1995 Honda Civic RPM

Tiny
BALTY
  • MEMBER
  • 1995 HONDA CIVIC
  • 4 CYL
  • FWD
  • MANUAL
  • 90,000 MILES
So my rpm gauge is declining when im at a stop: I start the car and thr rpm is at 2 but later on it goes down to 1 or a little below and its not performing lik before. Im thinking I might need a tune-up, what is your opinion?
Do you
have the same problem?
Yes
No
Friday, September 24th, 2010 AT 3:57 PM

5 Replies

Tiny
DRCRANKNWRENCH
  • EXPERT
By 2, I am assuming you mean 2000 RPM. This is high for the Civic as it should be around 800 RPM give or take a little. How long has it ran at 2000 RPMs at idle?
This is symptamatic of a vaccum leak.
There is a vaccum routing diagram under the hood of your car. This is not all of the places where it could be lleaking, but it is a good start. Other places that can leak are cruise controls, throttle body gasket and PCV valve. With the motor running you can hear a vaccum leak sometimes or you can put your hand over the throttle body and if it keeps running, it is a vac leak. From there a vacuum gauge is the best way to track down a vac leak.

Try that first and then by process of elimination, try the following;

A good place to start tracking down the problem would be to get some BG44K, if your local auto store does not have it you might have to go to a service station, and run it in a tank full of gas. If it improves from the BG44K, then run another can of it. The second can is just to remove heavy deposits if you don't normaly run an injector cleaner.

A standard tune up should at least include the following;
Replace the plugs, plug wires if they look like they need it, cap and rotor.
A can of injector cleaner.
Engine oil and filter using an OEM filter. I recomend OEM because it has an anti-drainback valve. Wait to replace the engine oil and filter until you have finished the tank of gas with the BG44K in it. It will clean up the intake and combustion chambers as well as valves, etc, so well that the oil will get dirty from the released deposits.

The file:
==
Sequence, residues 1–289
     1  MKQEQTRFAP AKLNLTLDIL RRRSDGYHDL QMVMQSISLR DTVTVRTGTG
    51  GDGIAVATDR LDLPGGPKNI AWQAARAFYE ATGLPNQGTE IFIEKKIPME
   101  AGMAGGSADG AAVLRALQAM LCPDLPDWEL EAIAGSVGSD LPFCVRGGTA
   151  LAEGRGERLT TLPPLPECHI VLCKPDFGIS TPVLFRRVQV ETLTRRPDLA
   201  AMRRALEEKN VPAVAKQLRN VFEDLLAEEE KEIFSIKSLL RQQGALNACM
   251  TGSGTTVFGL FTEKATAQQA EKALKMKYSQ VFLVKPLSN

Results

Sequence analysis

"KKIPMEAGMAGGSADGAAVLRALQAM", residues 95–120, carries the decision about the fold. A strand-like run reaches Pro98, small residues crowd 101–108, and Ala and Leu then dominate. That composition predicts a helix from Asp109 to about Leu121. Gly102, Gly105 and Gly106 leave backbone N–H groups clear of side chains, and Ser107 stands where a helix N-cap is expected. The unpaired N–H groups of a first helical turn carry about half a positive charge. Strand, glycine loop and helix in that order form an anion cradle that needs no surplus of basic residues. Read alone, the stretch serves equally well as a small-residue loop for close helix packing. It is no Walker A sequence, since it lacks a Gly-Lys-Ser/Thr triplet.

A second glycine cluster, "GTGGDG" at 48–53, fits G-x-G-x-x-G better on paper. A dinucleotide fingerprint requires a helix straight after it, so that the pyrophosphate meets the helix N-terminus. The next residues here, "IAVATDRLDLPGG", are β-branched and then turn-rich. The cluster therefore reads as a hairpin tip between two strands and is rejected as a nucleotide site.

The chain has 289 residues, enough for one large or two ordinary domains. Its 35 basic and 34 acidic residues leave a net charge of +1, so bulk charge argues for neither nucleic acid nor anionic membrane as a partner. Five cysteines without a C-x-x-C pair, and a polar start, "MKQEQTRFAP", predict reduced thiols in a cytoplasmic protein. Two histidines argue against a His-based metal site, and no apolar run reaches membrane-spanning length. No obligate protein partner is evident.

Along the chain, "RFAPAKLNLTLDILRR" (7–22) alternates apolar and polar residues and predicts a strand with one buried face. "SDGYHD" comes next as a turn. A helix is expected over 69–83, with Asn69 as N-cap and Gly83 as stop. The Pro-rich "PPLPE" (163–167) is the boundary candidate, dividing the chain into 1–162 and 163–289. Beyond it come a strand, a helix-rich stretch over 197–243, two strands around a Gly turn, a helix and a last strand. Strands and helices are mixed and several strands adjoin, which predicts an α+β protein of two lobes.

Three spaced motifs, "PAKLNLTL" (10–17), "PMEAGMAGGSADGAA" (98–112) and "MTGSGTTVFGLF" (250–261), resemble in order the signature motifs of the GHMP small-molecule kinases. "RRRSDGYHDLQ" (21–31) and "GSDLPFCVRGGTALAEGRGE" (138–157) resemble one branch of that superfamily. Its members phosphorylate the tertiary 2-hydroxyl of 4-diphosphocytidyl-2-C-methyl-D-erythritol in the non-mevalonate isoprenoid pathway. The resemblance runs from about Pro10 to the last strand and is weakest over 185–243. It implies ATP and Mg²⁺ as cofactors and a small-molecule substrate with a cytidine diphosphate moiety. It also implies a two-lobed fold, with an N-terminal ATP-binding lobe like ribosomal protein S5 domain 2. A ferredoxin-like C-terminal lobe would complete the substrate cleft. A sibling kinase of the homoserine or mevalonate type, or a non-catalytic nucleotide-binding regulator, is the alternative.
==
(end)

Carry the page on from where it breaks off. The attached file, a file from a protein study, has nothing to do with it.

If this does not solve the problem, then you can start looking at the sensors.
I would first test the Throttle Position Sensor, (TPS), then Idle Air Control Valve, (IAC). Working by process of elimination is the only way to work through an electrical issue.
You need a mulitimeter and specs to perform these tests. I can find the specs online or you can get a Haynes manual which is handy as it will walk you through the steps and is a lot cheaper than the factory service manual. Although it is not as thourogh as the factory manual.

Good luck and let me know how it goes.
Was this
answer
helpful?
Yes
No
Friday, September 24th, 2010 AT 7:00 PM
Tiny
BALTY
  • MEMBER
I don't knw Wat the rpm measure is. Im talking about the needle on the dash board
Was this
answer
helpful?
Yes
No
Friday, September 24th, 2010 AT 11:44 PM
Tiny
DRCRANKNWRENCH
  • EXPERT
You are correct, they are the same thing just different terminology.
The 2 main gauges on the dash are the tachometer and the speedometer. The tachometer measures RPMs by pointing the needle to the number on the gauge. The numbers are the Revolutions Per Minute, (RPM) of the engine. If you look at the gauge there is a, "x1000" which means that when the needle points to 2, the engine is spinning at 2000 revolutions per minute.
Is your first instict that your car has just started doing this?
Was this
answer
helpful?
Yes
No
Saturday, September 25th, 2010 AT 2:36 AM
Tiny
BALTY
  • MEMBER
Yes it is. It's not performing how it used to.
Was this
answer
helpful?
Yes
No
Saturday, September 25th, 2010 AT 10:42 AM
Tiny
DRCRANKNWRENCH
  • EXPERT
Ok.
Then it does sound like a vacuum line has started leaking, the Idle Air Control Valve, (IACV), Fast Idle, (Idle Air and Fast Idle act as choke circuits to keep idle at 800 RPMs when the motor is cold or when the load on the motor, like air conditioning or other accesories change. Least likely is a gasket in the intake tract like Throttle Body and Intake Manifold Gaskets.

From previous e-mail, refer to it and the, "Things to Check First", section on this site is very good to diagnose the problem.

Also, don't look at the entire e-mail from before as it is more than needed right now. Just use this part;

This is symptamatic of a vaccum leak.
There is a vaccum routing diagram under the hood of your car. This is not all of the places where it could be lleaking, but it is a good start. Other places that can leak are cruise controls, throttle body gasket and PCV valve. With the motor running you can hear a vaccum leak sometimes or you can put your hand over the throttle body and if it keeps running, it is a vac leak. From there a vacuum gauge is the best way to track down a vac leak.

Let me know how it goes.
Was this
answer
helpful?
Yes
No
Saturday, September 25th, 2010 AT 6:15 PM

Please login or register to post a reply.

Recommended Guides